A state taskforce with a helicopter and drug-sniffing dogs raided a Georgia man’s house and garden – only to find okra.
The Governor’s Taskforce for Drug Suppression mistook okra, a popular vegetable widely grown in the South, for marijuana.
“I do the right thing and they come to my house strapped with weapons for no reason,” the innocent man, Dwayne Perry, told WSB-TV in Atlanta. Deputies woke Perry up early in the morning after a taskforce member in a helicopter spotted his okra patch near Cartersville, Georgia.
“They were strapped to the gills.”
After going through Perry’s garden, the taskforce members apologized to him.
It is easy to tell okra from marijuana because okra has five leaves and the cannabis plant from which marijuana is harvested has seven, Perry said. A spokesman for the Governor’s Taskforce admitted that his people could not tell okra from weed.
“We’ve not been able to identify it as of yet. But it did have quite a number of characteristics that were similar to a cannabis plant,” Captain Kermit Stokes of the Georgia State Patrol told the station.
Funded by the DEA with Forfeiture Money
Marijuana eradication efforts like the Governor’s Taskforce take place all over the country, Washington Post blogger Christopher Ingraham noted. They are part of a Drug Enforcement Administration (DEA) effort called the Cannabis Eradication Program.
Much of the money that supports the program comes from asset forfeiture, Ingraham reported. That means money taken from citizens not charged with crimes could be used to fund eradication.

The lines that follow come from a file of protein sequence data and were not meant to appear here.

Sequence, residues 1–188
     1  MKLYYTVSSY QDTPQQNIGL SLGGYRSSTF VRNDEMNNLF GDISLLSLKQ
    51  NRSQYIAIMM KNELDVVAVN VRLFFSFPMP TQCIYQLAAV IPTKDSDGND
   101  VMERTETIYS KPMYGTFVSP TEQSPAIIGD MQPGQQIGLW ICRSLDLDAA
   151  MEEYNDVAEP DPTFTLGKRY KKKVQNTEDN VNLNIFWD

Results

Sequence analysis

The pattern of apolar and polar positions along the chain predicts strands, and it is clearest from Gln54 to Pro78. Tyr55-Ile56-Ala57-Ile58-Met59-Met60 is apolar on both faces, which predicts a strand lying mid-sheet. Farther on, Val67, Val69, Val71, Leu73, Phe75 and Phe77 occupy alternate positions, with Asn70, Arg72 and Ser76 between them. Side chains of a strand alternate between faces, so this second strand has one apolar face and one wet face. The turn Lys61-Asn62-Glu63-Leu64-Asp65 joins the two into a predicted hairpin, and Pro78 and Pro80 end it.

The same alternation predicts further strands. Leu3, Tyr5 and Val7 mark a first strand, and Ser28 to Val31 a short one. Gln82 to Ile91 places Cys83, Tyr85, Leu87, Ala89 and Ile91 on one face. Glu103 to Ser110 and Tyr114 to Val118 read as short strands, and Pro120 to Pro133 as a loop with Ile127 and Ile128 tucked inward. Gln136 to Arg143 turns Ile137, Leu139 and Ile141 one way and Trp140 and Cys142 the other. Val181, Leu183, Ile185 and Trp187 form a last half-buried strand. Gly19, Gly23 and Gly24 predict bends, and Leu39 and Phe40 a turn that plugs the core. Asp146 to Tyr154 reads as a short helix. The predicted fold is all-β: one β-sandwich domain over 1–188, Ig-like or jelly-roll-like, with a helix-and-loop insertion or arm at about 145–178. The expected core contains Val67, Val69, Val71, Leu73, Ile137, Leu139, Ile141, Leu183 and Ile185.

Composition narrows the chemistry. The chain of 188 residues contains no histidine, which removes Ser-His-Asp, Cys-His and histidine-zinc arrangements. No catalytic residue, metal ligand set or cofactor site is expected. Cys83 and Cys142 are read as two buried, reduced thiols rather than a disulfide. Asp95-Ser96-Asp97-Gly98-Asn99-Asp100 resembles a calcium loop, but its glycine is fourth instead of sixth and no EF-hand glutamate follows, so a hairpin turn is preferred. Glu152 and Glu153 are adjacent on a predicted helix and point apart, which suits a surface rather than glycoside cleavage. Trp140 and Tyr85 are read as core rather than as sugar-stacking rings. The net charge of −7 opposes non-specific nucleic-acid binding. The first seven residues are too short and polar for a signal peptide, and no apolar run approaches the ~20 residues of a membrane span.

“Okra busts like these are good reason for taxpayers to be skeptical about the wisdom of sending guys up in helicopters to fly around aimlessly, looking for drugs in suburban gardens,” Ingraham wrote. “And that’s not to mention the issue of whether we want a society where heavily-armed cops can burst into your property, with no grounds for suspicion beyond what somebody thought he saw from several hundred yards up in a helicopter.”
The DEA itself has admitted that as much as 98 percent of the “marijuana” eradicated by the program is actually non-psychoactive ditchweed or wild marijuana which grows as a weed in many parts of the nation, the National Organization for the Reform of Marijuana Laws (NORML) alleged.
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Authorities in Indiana alone seized more than 212 million ditchweed plants as part of an eradication effort, according to a NORML press release. Incredibly, much of the marijuana the DEA is trying to eradicate was planted before World War II as part of a federal program to encourage the growing of hemp. Hemp was used to make rope for the Navy and considered vital for national security until World War II.
Man Rattled by Okra Raid
One person who is not amused by the eradication policy is Perry, who admits he is still upset by it.
“The more I thought about it, what could have happened?” Perry, who is retired, said of the raid. “Anything could have happened.”
Neighbors, Perry told WSB, are still calling him asking what happened. He fears it ruined his reputation.
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